Background and aim: Although many mental disorders have relevant proud in neurobiological dysfunctions, most intervention approaches neglect neurophysiological features or use pharmacological intervention alone. Non-invasive Brain-Computer Interfaces (BCIs), providing natural ways of modulating mood states, can be promoted as an alternative intervention to cope with neurobiological dysfunction. Methods: A BCI prototype was proposed to feedback a person’s affective state such that a closed-loop interaction between the participant’s brain responses and the musical stimuli is established. It feedbacks in real-time flickering lights matching with the individual’s brain rhythms undergo to auditory stimuli. A RCT was carried out on 15 individuals of both genders (mean age = 49.27 years) with anxiety and depressive spectrum disorders randomly assigned to 2 groups (experimental vs. active control). Results: Outcome measures revealed either a significant decrease in Hamilton Rating Scale for Depression (HAM-D) scores and gains in cognitive functions only for participants who undergone to the experimental treatment. Variability in HAM-D scores seems explained by the changes in beta 1, beta 2 and delta bands. Conversely, the rise in cognitive function scores appear associated with theta variations. Conclusions: Future work needs to validate the relationship proposed here between music and brain responses. Findings of the present study provided support to a range of research examining BCI brain modulation and contributes to the understanding of this technique as instruments to alternative therapies We believe that Neuro-Upper can be used as an effective new tool for investigating affective responses, and emotion regulation.

A randomized controlled trial (RCT) to explore the effect of audio-visual entrainment among psychological disorders / Pino, Olimpia. - In: ACTA BIOMEDICA. - ISSN 2531-6745. - 92:6(2021), pp. 1-8. [doi:10.23750/abm.v92i6.12089]

A randomized controlled trial (RCT) to explore the effect of audio-visual entrainment among psychological disorders

Olimpia Pino
Writing – Review & Editing
2021

Abstract

Background and aim: Although many mental disorders have relevant proud in neurobiological dysfunctions, most intervention approaches neglect neurophysiological features or use pharmacological intervention alone. Non-invasive Brain-Computer Interfaces (BCIs), providing natural ways of modulating mood states, can be promoted as an alternative intervention to cope with neurobiological dysfunction. Methods: A BCI prototype was proposed to feedback a person’s affective state such that a closed-loop interaction between the participant’s brain responses and the musical stimuli is established. It feedbacks in real-time flickering lights matching with the individual’s brain rhythms undergo to auditory stimuli. A RCT was carried out on 15 individuals of both genders (mean age = 49.27 years) with anxiety and depressive spectrum disorders randomly assigned to 2 groups (experimental vs. active control). Results: Outcome measures revealed either a significant decrease in Hamilton Rating Scale for Depression (HAM-D) scores and gains in cognitive functions only for participants who undergone to the experimental treatment. Variability in HAM-D scores seems explained by the changes in beta 1, beta 2 and delta bands. Conversely, the rise in cognitive function scores appear associated with theta variations. Conclusions: Future work needs to validate the relationship proposed here between music and brain responses. Findings of the present study provided support to a range of research examining BCI brain modulation and contributes to the understanding of this technique as instruments to alternative therapies We believe that Neuro-Upper can be used as an effective new tool for investigating affective responses, and emotion regulation.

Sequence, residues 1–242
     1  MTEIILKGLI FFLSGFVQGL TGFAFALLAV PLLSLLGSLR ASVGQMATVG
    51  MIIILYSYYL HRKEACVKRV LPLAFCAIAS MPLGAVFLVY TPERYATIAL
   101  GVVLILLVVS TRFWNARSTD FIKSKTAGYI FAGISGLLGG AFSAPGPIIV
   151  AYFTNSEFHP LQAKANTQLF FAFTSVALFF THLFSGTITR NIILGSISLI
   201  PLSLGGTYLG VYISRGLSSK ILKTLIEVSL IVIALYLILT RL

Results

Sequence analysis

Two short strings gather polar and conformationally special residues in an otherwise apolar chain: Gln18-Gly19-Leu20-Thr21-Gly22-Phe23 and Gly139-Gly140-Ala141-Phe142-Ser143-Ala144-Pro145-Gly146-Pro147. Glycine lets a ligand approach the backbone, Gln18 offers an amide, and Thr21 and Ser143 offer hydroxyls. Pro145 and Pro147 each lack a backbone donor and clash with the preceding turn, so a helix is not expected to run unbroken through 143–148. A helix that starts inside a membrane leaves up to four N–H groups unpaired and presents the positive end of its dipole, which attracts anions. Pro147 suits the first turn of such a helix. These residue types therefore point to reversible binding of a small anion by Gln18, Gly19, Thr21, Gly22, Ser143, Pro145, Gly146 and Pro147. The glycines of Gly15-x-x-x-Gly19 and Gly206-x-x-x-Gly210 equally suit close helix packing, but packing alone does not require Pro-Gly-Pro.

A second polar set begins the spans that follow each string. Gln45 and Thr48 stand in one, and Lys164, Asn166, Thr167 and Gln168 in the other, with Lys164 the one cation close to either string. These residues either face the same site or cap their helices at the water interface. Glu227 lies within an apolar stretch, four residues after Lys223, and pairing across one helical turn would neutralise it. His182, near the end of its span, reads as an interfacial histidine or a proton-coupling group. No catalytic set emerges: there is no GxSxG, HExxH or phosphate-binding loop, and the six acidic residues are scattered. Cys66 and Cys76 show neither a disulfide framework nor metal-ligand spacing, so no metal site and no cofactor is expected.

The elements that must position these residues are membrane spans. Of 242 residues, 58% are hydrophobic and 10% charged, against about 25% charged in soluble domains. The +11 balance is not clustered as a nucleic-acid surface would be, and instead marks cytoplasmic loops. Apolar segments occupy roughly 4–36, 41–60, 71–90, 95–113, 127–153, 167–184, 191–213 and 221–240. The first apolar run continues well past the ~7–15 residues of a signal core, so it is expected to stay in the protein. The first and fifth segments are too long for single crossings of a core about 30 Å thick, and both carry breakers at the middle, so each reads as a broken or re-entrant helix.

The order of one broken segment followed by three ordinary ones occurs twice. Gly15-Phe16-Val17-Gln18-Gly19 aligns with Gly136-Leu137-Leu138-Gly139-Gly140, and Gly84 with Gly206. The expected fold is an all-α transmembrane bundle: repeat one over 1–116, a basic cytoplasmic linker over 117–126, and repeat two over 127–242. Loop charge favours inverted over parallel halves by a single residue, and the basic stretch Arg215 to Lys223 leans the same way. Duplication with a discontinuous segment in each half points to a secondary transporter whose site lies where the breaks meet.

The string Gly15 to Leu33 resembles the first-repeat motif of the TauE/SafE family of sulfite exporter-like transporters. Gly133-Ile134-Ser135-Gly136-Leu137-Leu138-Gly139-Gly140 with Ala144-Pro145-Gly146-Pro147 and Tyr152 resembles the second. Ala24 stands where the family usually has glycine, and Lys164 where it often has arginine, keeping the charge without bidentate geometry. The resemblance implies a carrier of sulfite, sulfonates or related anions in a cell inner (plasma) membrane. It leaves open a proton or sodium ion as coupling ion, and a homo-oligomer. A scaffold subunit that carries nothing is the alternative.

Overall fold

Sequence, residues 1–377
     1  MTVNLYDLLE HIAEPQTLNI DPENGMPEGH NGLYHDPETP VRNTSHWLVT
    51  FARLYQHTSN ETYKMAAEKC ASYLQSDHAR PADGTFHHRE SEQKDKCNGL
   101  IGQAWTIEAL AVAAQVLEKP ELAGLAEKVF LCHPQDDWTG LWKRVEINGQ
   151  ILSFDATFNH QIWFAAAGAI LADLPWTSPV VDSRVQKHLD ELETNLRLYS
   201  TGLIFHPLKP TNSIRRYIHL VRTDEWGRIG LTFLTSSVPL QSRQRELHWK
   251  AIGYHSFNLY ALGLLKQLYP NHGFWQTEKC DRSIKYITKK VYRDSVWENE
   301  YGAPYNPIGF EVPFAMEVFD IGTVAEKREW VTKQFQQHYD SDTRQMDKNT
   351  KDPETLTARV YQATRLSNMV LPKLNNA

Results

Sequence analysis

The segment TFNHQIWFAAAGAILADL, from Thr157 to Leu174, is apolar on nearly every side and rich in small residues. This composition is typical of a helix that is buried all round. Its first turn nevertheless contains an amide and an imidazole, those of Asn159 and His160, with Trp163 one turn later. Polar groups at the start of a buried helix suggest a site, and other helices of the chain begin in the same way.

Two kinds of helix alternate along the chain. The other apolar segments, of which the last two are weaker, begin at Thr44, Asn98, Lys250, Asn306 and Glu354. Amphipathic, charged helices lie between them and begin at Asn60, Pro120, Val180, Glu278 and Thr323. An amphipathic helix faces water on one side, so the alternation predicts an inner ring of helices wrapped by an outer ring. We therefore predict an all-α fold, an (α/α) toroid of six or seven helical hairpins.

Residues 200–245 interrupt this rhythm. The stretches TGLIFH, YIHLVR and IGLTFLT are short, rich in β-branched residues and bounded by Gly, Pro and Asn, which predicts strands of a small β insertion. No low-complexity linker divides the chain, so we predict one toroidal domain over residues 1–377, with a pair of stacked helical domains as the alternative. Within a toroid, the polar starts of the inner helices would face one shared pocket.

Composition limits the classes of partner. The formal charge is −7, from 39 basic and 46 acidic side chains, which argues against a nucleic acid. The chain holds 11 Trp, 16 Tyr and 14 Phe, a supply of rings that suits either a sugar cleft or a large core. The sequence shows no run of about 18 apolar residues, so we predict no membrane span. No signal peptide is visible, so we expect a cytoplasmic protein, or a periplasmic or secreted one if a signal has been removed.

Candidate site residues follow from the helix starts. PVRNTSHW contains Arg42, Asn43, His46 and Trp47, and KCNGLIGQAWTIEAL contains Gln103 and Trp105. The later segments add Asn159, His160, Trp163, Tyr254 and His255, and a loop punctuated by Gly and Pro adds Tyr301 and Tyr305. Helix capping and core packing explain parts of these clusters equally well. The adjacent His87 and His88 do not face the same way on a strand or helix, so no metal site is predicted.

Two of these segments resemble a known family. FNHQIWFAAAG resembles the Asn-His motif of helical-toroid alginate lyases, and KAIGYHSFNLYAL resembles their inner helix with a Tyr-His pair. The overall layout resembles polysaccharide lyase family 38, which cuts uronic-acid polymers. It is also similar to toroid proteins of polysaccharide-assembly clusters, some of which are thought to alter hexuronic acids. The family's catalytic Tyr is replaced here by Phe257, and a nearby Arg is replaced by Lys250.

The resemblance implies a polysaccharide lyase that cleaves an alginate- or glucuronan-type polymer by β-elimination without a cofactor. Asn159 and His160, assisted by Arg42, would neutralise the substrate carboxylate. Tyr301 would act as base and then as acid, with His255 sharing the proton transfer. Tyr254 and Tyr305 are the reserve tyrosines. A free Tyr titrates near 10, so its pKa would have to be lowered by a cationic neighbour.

A randomized controlled trial (RCT) to explore the effect of audio-visual entrainment among psychological disorders / Pino, Olimpia. - In: ACTA BIOMEDICA. - ISSN 2531-6745. - 92:6(2021), pp. 1-8. [doi:10.23750/abm.v92i6.12089]
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Utilizza questo identificativo per citare o creare un link a questo documento: http://hdl.handle.net/11381/2906985
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